One of the most unique concert experiences I’ve ever witnessed was at the Baltimore Soundstage on November 2nd coming in the form of Brujeria, Powerflo and Pinata Protest, along with local Baltimore openers, Earthworm Von Doom. This had to be one of the most eclectic line-ups I’ve ever seen. It was a very mild evening for November in Baltimore which was lost on the miniscule crowd in attendance. It was a Thursday night and ticket sales on a weekday are usually sketchy at best. But, this night’s turnout was dismal.
With barely 15 people assembled, yet cheering them on, Baltimore’s own Earthworm Von Doom hit the stage precisely at 7pm.
Consisting of only two players, Trip Cahouet on drums and Sam Friia on bass, EVD trounced the crowd with their brand of grindcore madness playing all original material with some very creative titles. My personal favorite was “Chia Seeds and Pubic Hair in my Drain”. Trip is a phenomenal drummer and Sam’s screams and growls were epic. They put out an amazing amount of sound for two guys. Fans should absolutely look forward to their future work.
Up next was Pinata Protest, a five-man ensemble billed as a Tex-Mex punk rock band out of San Antonio, Texas. Right away, we knew this band was different as the front man, Alvaro Del Norte, came out with a flourish brandishing his electric accordion. Backed up by Jose Morales on guitar, Richie Brown on bass and Chris-Ruptive on drums, these guys were highly energetic, playing a mix of ethnic influenced punk rock that was both slightly strange and mildly enjoyable. All of their songs were sung in Spanish. Consequently, I have no idea of song names or lyrics, but I did recognize “La Cucaracha” coming from the tiny trumpet that Alvaro utilized towards the end of their set. They also had a great crowd reaction from the barely 30 people in attendance. But, many in attendance knew their songs and enthusiastically participated when Alvaro instigated a “red salsa versus green salsa” wall of death which resulted in a very spirited mosh pit for about a minute.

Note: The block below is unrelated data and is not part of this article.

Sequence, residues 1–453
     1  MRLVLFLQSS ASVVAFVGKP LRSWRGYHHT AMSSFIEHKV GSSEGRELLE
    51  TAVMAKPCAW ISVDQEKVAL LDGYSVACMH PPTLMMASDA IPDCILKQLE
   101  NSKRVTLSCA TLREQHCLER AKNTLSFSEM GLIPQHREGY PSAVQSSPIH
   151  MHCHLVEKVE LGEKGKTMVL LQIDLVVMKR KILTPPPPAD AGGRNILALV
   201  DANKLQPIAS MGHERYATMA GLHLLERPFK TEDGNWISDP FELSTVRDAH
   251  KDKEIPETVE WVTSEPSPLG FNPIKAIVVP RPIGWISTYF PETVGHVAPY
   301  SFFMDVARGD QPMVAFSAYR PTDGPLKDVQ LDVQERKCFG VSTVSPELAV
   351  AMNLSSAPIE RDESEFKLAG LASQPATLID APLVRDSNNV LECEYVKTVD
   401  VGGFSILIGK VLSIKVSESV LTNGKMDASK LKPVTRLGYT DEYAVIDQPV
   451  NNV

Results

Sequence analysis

Next in succession was Powerflo, an amalgamation of former members of other fairly well-known bands. Their line-up is a powerhouse consisting of Billy Graziadei (Biohazard), Christian Olde Wolbers (Fear Factory), Sen Dog (Cypress Hill), Rogelio Lozano (Downset) along with Brazilian drummer Fernando Schaefer. The east coast/west coast collaboration takes traditional New York Hardcore to a new level. Sen’s L.A. rap-style vocals bring a hip-hop vibe to Billy’s NY Hardcore influence through songs like “Resistance”, “Victim of Circumstance” and “The Grind”. Powerflo is tight as a band, edgy and put on one hell of a show. Powerflo just formed this year but has the potential to be HUGE if they continue on their current track. But, that remains to be seen as the rumors fly about their future endeavors.
Finishing out the evening was Brujeria, a deathgrind metal band hailing mostly from Mexico. Upon doing a little more research on this band, I came up with more questions than anything. While on stage, they appeared to have 6 members. However, their promo photo shows 8 members and their Wikipedia page lists either 7 or 10 members, depending on where you’re looking. I hesitate to list any of them for fear of getting it wrong.
Brujeria was a brutal force exuding a wall of sound that shook the foundations of not only everyone in attendance, but also the very foundations of the building itself. Donning bandanas covering their faces to perpetuate their Mexican outlaw storyline, Brujeria perfectly portrays the Mexican stereotype, even down to the Machete hanging off of Juan Brujo’s (John Lepe) hip. Brujeria’s songs are also all in Spanish but I was able to recognize “Pocho Aztlan” and “Plata O Plomo” both off their latest release, ‘Pocho Aztlan’ which hit the airwaves in September of 2016. Brujeria’s performance was raw and in your face and the level of political trash talk rivaled even that of the most fringe Fox News journalists. Brujeria put on a great show despite the politics. I understand the reasoning behind the politics, I just do not believe a metal show is the proper place for it. Metalheads gather to hear music, not get political. Metal, or just music in general, should bring people together. Not further separate them.
Brujeria’s live performance was brutal, loud and politically charged but the unique wonder of the overall show came from the wild cast of openers. Powerflo kicked major ass, Pinata Protest was a hit with the crowd and definitely keep your eyes and ears open for Earthworm Von Doom.